CNX v CNY 2022 SGHC 53 - 14 March 2022
[Arbitration - Enforcement - Foreign award - Order granting leave to enforce foreign award]
[Civil Procedure - Service - Service of leave order on foreign State - Time for foreign State to apply to set aside leave order - Section 14(2) State Immunity Act]
1 Where an award creditor is granted leave under s 29 of the International Arbitration Act (Cap 143A, 2002 Rev Ed) ("IAA") to enforce an arbitral award in Singapore against a foreign State, how much time does the foreign State have, following service of the leave order on it, to take the steps necessary to challenge the order?
2 Specifically, s 14(2) of the State Immunity Act (Cap 313, 2014 Rev Ed) ("SIA") provides that any "time for entering an appearance (whether prescribed by Rules of Court or otherwise) shall begin to run 2 months after the date on which the writ or document is so received". Does s 14(2) of the SIA apply to a leave order granted under s 29 of the IAA which is served on a foreign State, and if it does apply, how much time does the foreign State have? These were some of the interesting issues that I had to consider in HC/SUM 5125/2021 ("SUM 5125"). SUM 5125 was an application by the defendant State, for, inter alia, a declaration that it had an additional two months to apply to set aside an ex parte order granting the plaintiff leave to enforce a foreign arbitral award against the defendant; alternatively, it sought a corresponding extension of time to do so.
3 HC/SUM 5275/2021 ("SUM 5275") was a cross-application by the plaintiff for security to be furnished by the defendant State as a condition for granting any extension of time.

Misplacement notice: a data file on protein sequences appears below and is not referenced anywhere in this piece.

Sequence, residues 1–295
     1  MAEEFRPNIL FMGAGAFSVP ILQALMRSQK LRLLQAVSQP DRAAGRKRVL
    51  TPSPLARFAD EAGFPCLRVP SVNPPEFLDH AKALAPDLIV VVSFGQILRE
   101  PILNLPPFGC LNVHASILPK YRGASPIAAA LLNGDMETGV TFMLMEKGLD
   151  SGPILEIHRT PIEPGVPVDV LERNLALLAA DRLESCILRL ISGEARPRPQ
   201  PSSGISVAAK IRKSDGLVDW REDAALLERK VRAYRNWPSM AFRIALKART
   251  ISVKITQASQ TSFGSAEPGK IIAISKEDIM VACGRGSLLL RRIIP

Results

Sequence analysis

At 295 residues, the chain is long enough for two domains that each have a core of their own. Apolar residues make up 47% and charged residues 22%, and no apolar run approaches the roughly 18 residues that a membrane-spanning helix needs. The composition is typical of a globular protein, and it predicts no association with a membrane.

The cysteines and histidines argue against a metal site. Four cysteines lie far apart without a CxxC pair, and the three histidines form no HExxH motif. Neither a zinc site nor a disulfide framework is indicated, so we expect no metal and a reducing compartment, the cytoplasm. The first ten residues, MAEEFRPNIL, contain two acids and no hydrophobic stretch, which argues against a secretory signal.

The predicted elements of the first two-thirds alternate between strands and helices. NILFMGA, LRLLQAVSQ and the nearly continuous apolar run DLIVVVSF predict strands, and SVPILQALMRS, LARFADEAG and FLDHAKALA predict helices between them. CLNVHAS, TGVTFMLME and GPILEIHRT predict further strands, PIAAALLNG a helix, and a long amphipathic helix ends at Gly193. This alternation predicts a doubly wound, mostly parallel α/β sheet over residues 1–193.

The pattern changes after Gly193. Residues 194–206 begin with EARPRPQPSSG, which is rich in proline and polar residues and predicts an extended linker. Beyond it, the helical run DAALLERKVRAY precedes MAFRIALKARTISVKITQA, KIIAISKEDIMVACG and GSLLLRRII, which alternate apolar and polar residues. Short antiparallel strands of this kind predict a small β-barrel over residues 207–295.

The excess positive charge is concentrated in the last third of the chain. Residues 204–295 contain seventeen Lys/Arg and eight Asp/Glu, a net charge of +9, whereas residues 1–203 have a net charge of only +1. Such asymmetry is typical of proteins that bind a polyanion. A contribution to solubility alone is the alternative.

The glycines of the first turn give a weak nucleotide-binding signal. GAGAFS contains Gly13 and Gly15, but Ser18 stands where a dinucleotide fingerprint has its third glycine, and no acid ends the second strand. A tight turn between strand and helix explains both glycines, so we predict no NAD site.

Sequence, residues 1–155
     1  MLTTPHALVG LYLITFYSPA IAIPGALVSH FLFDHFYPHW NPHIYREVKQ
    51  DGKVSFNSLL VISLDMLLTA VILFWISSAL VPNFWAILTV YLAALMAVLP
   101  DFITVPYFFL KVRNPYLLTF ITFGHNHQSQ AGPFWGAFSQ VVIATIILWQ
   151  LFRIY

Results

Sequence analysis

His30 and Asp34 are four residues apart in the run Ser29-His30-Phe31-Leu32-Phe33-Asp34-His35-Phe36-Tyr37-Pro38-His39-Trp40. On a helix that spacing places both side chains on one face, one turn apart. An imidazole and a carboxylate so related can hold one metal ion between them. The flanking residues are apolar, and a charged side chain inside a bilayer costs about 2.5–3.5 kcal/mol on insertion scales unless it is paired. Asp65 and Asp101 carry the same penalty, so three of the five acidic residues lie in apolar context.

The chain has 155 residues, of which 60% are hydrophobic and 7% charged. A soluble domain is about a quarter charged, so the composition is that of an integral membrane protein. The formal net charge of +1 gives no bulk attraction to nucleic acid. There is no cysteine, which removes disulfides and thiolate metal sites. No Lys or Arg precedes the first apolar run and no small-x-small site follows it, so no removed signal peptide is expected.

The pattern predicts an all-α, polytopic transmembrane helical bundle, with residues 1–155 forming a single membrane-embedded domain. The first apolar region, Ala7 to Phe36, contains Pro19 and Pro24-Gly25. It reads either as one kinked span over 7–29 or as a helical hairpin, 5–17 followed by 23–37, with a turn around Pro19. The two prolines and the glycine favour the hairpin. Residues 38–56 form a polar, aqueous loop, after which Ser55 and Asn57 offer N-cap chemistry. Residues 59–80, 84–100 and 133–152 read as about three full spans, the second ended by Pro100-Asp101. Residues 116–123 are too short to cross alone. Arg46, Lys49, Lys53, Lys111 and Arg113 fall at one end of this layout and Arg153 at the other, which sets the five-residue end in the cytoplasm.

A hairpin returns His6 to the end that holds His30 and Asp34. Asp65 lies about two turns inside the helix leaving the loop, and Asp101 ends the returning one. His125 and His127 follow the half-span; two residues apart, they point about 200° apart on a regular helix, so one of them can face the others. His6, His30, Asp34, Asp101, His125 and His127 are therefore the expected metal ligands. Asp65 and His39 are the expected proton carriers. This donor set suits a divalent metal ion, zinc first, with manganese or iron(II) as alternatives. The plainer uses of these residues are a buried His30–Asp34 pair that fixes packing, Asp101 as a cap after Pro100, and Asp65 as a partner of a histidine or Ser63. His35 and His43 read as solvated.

4 Based on counsel's research and submissions, it appears that this is the first time our courts have been squarely confronted with the issues I highlighted at - above.The only other reported case in which s 14 of the SIA arose for consideration is the decision of Justice Kannan Ramesh in Josias Van Zyl and others v Kingdom of Lesotho  4 SLR 849 ("Josias Van Zyl"). However, as I will elaborate below, Ramesh J's comments on s 14(2) were obiter, as the ratio decidendi of Josias Van Zyl concerned s 14(1) of the SIA and the question of whether a leave order must be served in accordance with that provision. As such, and whilst there has been no appeal against my decision, given the dearth of direct local authority on the issues that arose before me, I consider it appropriate to provide my full grounds of decision.
5 The plaintiff, CNX, is a company incorporated in Ruritania, while CNY, the defendant, is the sovereign state of Oceania. A dispute arose between the parties relating to the defendant’s alleged breaches of a bilateral investment treaty between Ruritania and Oceania (the “BIT”). In September 2013, the plaintiff commenced arbitration proceedings against the defendant (the “Arbitration”) pursuant to an arbitration clause in the BIT. The Arbitration was seated in Danubia. In May 2020, the arbitral tribunal issued its final award, ordering the defendant to pay to the plaintiff a sum in excess of US$90 million (exclusive of interest, costs and disbursements) (the “Final Award”). It is not disputed that the time for any challenge to the Final Award to be mounted in the seat court has expired and there are no proceedings instituted by the defendant or pending before the seat courts in Danubia seeking to challenge the Final Award.